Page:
NAO: ‘BBC’s key digital products performing well’
December 14, 2022
By Colin Mann
The BBC’s key digital products are performing well, according to the National Audit Office (NAO), the body that scrutinises public spending for the UK Parliament. To achieve its digital ambitions, the BBC will need to further develop its ‘digital-first’ plans, and consider whether it has sufficient resources to deliver its vision, says the NAO in its report, A Digital BBC.
The BBC views digital services as essential to its long-term future. It has a range of apps and websites, and is in competition both with traditional television and radio broadcasters, and with online providers and services. In May 2022, the BBC announced a new ‘digital-first’ approach, focusing its resources towards content that appeals to audiences who choose to view it both live online, and on any device at any time. In December 2022, the director-general expanded on this, setting out the need for the BBC to plan for a digital-only future.
The BBC has less funding available to develop digital products than most other media organisations, many of which are digital only. Its overall spend in this area has fallen from £109 million (€127m) in 2018-19 to £98 million in 2021-22 in real terms. Netflix, for example, spent £1.7 billion on technology and development in 2021. As a result, the BBC’s products have been developed at a slower pace, are less technologically sophisticated, and it has not always been able to take advantage of technological innovations. The BBC is pursuing its digital ambitions while also maintaining traditional broadcasting as it must continue to fulfil its universal service commitments.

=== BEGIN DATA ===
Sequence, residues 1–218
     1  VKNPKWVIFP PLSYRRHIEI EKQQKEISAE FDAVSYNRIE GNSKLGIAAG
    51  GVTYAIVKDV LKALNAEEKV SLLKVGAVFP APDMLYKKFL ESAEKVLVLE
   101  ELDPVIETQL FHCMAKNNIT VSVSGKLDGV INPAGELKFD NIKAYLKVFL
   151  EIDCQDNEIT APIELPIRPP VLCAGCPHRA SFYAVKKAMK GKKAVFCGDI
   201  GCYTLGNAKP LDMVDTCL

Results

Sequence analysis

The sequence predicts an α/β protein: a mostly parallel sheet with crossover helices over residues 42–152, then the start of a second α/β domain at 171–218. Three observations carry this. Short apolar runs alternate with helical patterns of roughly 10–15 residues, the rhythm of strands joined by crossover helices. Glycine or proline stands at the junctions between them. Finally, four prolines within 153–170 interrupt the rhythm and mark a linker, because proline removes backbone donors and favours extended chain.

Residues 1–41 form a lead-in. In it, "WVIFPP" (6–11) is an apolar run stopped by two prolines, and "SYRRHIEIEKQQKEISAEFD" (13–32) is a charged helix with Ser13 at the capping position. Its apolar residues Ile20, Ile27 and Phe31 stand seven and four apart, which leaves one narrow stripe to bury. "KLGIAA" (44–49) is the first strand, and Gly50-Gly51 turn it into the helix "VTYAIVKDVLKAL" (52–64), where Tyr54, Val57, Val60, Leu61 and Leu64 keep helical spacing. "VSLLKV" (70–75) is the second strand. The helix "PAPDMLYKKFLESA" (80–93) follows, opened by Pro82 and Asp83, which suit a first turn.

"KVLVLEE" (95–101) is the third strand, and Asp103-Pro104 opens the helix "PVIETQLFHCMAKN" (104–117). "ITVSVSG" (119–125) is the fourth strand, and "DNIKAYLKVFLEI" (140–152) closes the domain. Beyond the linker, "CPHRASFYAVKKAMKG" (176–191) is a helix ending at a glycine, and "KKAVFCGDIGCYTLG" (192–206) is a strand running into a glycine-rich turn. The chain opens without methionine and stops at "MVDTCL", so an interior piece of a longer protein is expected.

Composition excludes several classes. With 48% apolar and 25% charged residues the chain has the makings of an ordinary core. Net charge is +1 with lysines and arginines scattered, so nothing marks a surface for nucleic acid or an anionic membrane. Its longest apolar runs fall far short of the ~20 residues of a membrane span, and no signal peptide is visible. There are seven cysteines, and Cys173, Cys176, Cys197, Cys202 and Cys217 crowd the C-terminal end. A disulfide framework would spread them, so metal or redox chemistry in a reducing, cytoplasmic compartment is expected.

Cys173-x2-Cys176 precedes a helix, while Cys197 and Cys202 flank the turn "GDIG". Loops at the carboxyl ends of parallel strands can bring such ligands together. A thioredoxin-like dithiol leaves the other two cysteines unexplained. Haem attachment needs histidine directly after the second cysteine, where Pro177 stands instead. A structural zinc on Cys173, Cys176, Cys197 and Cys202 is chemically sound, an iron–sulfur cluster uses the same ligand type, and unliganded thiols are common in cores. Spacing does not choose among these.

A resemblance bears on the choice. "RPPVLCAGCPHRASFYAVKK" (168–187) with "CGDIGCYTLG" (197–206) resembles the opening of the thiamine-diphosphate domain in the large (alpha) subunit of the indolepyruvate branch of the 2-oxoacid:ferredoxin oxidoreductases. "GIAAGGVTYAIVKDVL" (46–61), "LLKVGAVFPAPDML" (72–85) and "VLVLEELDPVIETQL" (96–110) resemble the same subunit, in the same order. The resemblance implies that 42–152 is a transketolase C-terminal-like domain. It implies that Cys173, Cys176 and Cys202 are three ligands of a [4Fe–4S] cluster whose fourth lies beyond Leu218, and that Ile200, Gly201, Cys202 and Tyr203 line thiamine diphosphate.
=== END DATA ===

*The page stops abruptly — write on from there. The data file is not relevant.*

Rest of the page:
Despite these challenges, the BBC’s digital products are performing well against better-funded media organisations. In 2021-22, most of the BBC’s digital products achieved their targets. The BBC now plans for its digital services to be within at least the top three for market share in the UK in five years’ time. To achieve this, it needs to continue to attract audiences in a fast-moving global media environment, where new technology and competitors can emerge quickly.
The BBC has a solid foundation to build on in delivering its digital-first ambitions. It has clearly set out its vision for using digital technology and data to improve the service it offers, and set itself an additional goal in 2019 for the BBC to become a ‘valued daily habit’, with viewers accessing its services at least five days a week, for at least five hours across the week, on at least two different modes of communication. The BBC believes that its digital services will increasingly contribute towards this goal. To deliver this, the BBC has carried out a strategic technology review, and made changes to its digital operations model to bring it more into line with industry standards.
The NAO found that the BBC’s digital leadership needs to evolve to deliver its strategy more effectively, and accelerate its digital growth. The BBC recognises that it needs to make continued improvements in this area, and is improving the information on its digital activity that is received by its executive committee. The NAO found limited evidence that the committee is providing sufficient challenge in return.